Brent Burns, Dan Boyle, Joe Pavelski, Thornton, Patrick Marleau

Sharks dominated special teams differential in 2013-14

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The San Jose Sharks don’t own a Stanley Cup, but it appears that they’re the best team in the NHL at drawing more penalties than they take. Honestly, the numbers are pretty stunning.

San Jose drew 291 power-plays opportunities and were only shorthanded 219 times during the 2013-14 season, making for a differential of 72 power plays. That’s almost an extra power play per game.

To give you an idea of how much better they’ve been than any other NHL team in that area, consider this: they match the second-best (Carolina Hurricanes, +40 chances) and third-best (New York Rangers +32 chances) combined.

Here’s the full chart of how the 30 NHL teams fared whistle-wise in 2013-14 (TS stands for times shorthanded, hopefully other abbreviations are self-explanatory):

Team Total diff 2013-14 Home PP Opp Road PP Opp 13-14 PP Opp Home diff Road diff 13-14 home TS 13-14 Road TS 13-14 total TS
SJS 72 162 129 291 40 32 122 97 219
CAR 40 154 127 281 41 -1 113 128 241
NYR 32 132 132 264 27 5 105 127 232
DAL 27 158 132 290 33 -6 125 138 263
PIT 24 136 142 278 25 -1 111 143 254
CGY 14 121 128 249 14 0 107 128 235
NYI 11 145 131 276 27 -16 118 147 265
PHX 10 145 137 282 21 -11 124 148 272
CHI 9 143 114 257 32 -23 111 137 248
FLA 7 127 142 269 -2 9 129 133 262
WSH 7 148 143 291 5 2 143 141 284
ANA 5 152 123 275 17 -12 135 135 270
COL 3 131 121 252 13 -10 118 131 249
MIN 2 129 123 252 16 -14 113 137 250
NSH 1 121 118 239 6 -5 115 123 238
CBJ 0 142 138 280 -1 1 143 137 280
TBL 0 140 130 270 6 -6 134 136 270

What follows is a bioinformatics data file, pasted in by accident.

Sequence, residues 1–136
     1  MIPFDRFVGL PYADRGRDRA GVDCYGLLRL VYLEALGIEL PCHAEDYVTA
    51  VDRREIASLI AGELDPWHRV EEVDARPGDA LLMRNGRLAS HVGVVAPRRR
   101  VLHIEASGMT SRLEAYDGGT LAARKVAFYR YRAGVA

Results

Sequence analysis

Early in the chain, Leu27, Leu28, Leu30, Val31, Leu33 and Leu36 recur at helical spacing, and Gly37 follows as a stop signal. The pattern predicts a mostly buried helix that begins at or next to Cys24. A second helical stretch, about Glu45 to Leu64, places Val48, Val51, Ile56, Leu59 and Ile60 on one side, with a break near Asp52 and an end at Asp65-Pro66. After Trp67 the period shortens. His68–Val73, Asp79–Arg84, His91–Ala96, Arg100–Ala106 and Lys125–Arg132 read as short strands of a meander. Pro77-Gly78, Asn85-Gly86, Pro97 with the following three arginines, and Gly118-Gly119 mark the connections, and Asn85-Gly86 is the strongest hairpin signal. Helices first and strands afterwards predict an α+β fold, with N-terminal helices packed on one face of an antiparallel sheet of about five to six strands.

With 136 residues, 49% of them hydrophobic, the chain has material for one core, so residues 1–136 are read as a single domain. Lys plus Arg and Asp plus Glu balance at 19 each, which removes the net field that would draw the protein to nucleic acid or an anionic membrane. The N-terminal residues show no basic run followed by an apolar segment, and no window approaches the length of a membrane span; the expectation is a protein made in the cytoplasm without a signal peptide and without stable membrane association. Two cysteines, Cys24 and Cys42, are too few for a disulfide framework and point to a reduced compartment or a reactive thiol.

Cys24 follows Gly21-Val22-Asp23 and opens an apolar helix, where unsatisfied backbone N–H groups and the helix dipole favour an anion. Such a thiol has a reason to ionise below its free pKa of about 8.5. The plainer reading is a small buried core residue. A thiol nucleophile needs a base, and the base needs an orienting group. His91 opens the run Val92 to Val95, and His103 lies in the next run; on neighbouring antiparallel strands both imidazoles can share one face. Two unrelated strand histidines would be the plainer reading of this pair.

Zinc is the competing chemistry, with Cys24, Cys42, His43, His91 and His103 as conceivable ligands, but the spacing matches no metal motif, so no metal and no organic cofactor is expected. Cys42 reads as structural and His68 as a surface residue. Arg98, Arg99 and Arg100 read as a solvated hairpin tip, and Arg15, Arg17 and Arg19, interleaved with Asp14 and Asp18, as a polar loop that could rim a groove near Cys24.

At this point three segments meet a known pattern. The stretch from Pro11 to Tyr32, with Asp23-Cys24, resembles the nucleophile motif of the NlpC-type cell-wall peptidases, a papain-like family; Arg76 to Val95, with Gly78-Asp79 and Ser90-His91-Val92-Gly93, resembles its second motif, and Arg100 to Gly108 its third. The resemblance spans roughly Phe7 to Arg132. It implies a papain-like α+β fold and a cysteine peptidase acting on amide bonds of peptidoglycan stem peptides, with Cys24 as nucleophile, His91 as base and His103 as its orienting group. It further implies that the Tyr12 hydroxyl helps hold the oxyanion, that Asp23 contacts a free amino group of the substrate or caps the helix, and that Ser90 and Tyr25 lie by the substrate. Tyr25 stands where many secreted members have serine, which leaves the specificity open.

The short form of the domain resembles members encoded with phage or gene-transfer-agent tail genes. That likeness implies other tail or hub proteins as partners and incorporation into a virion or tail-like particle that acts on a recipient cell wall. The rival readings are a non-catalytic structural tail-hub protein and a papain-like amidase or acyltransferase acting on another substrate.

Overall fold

EDM -9 148 123 271 13 -22 135 145 280
MTL -10 140 139 279 1 -11 139 150 289
STL -10 157 126 283 12 -22 145 148 293
LAK -12 154 130 284 14 -26 140 156 296
DET -13 149 133 282 5 -18 144 151 295
TOR -16 119 133 252 6 -22 113 155 268
VAN -17 131 126 257 8 -25 123 151 274
BUF -18 129 127 256 -3 -15 132 142 274
PHI -22 159 135 294 6 -28 153 163 316
NJD -23 123 118 241 -11 -12 134 130 264
WPG -32 151 108 259 1 -33 150 141 291
BOS -33 112 118 230 -26 -7 138 125 263
OTT -49 135 136 271 -15 -34 150 170 320

A few interesting takeaways from that:

  • The crowd in Carolina clearly steers things in the Hurricanes’ direction. They had the highest home differential at +41, one more than San Jose. The ‘Canes were -1 on the road, so it’s not like it was just a matter of an aggressive style.
  • The Boston Bruins easily had the worst home differential at -26. Odd, huh?
  • Could fewer penalties in the postseason be a big reason why San Jose seems to struggle in the playoffs? It’s at least a theory.

In case you’re wondering if this is just a one-time thing, the Sharks really tower over the pack when you count the last three seasons:

Team diff last 3 seasons Total diff 2013-14 diff 12-13 diff 11-12
SJS 139 72 22 45
CAR 86 40 4 42
CHI 62 9 9 44
NYR 57 32 5 20
CBJ 54 0 11 43
PIT 46 24 3 19
FLA 45 7 -9 47
DET 32 -13 21 24
NYI 32 11 14 7
TOR 18 -16 9 25
PHX 12 10 0 2
CGY 10 14 4 -8
NSH 8 1 1 6
MTL 6 -10 30 -14
TBL -7 0 8 -15
NJD -8 -23 7 8
MIN -9 2 16 -27
LAK -11 -12 5 -4
WSH -13 7 1 -21
PHI -19 -22 -13 16
VAN -19 -17 -4 2
STL -23 -10 -1 -12